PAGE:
Ninety percent of survey respondents said their companies had spent money on technology scrapped before, or soon after, deployment.
Most IT professionals say their organizations have invested in security technology that was eventually scrapped, a new survey suggests.
Ninety percent of respondents said their companies had spent money on cybersecurity technology that was shelved before, or soon after, deployment, according to a survey of about 600 IT professionals. In total, about 31 percent of security technology bought by respondents' organizations over the past two years was never fully deployed.
The survey, administered by the Ponemon Institute, was sponsored by Lockheed Martin, which sells its own cybersecurity solutions. Responses were collected between Feb. 18 and March 13, 2015.
Technology wasn’t deployed for several reasons, according to those surveyed. Seventy-seven percent of respondents cited complexity, and 55 percent cited a lack of in-house expertise to deploy and operate products, among other factors.
Business considerations affected technology investments more than security concerns, the survey suggested. About 73 percent of respondents said business objectives were influential in technology purchases, followed by security risk with 68 percent. About 45 percent cited compliance with regulations.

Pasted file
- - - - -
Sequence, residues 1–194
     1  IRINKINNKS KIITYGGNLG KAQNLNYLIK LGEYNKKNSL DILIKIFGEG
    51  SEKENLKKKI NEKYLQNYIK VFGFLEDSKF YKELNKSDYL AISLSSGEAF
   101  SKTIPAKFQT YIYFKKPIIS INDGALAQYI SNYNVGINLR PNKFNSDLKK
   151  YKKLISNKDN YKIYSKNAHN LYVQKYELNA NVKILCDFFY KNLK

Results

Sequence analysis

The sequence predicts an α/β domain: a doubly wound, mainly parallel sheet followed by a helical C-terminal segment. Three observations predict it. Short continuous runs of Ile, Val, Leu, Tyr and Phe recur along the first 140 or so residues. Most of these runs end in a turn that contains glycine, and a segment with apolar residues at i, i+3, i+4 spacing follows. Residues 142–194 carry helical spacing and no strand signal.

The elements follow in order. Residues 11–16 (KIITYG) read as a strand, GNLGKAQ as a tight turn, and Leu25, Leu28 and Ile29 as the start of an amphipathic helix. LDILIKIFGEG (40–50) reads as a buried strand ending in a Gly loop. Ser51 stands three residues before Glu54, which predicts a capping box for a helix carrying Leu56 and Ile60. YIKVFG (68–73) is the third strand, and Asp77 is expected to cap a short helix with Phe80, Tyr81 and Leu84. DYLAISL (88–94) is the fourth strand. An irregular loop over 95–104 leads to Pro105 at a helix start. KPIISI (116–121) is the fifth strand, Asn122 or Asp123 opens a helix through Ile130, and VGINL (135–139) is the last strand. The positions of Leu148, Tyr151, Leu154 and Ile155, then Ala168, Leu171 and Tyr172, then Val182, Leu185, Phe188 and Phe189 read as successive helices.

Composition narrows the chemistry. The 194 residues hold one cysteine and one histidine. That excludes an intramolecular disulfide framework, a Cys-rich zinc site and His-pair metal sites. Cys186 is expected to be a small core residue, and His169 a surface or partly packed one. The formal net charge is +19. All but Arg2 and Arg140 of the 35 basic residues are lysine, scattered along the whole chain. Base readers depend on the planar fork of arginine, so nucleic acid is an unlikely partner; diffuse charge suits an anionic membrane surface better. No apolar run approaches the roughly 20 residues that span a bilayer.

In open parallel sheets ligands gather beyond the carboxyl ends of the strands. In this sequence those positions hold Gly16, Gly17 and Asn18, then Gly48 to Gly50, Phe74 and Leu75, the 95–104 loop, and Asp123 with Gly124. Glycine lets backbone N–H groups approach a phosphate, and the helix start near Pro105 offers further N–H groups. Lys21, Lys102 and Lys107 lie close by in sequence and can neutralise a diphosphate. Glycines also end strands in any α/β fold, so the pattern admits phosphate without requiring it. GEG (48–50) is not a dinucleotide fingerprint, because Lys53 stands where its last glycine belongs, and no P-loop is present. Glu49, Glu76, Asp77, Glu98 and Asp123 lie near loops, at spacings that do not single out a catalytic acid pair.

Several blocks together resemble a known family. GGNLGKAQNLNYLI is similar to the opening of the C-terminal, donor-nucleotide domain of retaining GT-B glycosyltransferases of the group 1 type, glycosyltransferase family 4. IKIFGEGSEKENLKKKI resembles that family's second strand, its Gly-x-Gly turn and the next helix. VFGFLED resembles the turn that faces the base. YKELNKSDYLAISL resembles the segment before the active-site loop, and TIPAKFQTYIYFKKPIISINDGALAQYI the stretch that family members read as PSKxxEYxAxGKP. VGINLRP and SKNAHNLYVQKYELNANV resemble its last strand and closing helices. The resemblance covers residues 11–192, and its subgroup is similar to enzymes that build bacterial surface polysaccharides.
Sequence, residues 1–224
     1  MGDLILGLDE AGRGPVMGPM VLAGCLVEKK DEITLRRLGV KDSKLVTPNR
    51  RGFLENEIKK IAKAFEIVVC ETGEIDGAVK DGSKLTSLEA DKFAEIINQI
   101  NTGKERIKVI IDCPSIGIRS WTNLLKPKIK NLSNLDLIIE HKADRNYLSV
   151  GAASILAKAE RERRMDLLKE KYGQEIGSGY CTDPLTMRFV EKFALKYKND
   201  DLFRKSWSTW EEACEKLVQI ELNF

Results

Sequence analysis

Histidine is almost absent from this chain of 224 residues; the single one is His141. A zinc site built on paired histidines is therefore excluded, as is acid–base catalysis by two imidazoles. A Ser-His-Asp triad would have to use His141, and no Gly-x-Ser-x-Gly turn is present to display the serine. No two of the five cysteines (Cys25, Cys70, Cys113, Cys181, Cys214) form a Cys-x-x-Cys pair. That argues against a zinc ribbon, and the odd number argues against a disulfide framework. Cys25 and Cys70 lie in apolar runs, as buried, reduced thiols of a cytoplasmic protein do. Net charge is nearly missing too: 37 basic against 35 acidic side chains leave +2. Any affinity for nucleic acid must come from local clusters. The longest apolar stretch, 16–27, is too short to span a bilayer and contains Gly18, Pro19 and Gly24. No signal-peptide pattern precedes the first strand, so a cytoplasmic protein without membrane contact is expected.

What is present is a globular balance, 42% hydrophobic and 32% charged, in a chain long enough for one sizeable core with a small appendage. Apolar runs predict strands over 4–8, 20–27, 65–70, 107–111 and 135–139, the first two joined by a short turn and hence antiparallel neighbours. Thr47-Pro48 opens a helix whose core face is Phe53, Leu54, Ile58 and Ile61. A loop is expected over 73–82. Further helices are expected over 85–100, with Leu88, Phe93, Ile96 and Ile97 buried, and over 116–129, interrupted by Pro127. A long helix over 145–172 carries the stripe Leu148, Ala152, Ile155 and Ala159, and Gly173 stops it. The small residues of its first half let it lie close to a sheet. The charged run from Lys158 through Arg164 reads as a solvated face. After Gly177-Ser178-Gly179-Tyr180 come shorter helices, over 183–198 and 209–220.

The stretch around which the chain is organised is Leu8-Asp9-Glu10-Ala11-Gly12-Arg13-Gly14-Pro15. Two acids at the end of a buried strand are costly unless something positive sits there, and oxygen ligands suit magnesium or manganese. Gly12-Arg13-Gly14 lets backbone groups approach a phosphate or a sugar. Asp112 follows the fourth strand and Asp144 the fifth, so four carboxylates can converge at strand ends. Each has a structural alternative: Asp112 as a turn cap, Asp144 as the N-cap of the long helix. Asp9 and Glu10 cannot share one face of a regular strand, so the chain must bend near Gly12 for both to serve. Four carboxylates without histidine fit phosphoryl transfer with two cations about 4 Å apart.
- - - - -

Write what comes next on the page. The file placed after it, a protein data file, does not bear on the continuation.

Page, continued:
When deciding which technology to invest in, the majority of respondents -- 64 percent -- said cost was an important factor. Fifty-six percent emphasized performance and vendor support. Technical factors such as interoperability, proven risk reduction and lack of complexity were less important, highlighted by 39 percent, 11 percent and 8 percent of respondents, respectively.
Business executives are perceived to have more security technology purchasing power than CIOs, respondents said. When asked who guided purchasing, 59 percent pointed to business unit leaders, 53 percent to CIOs and 45 percent to chief information security officers.
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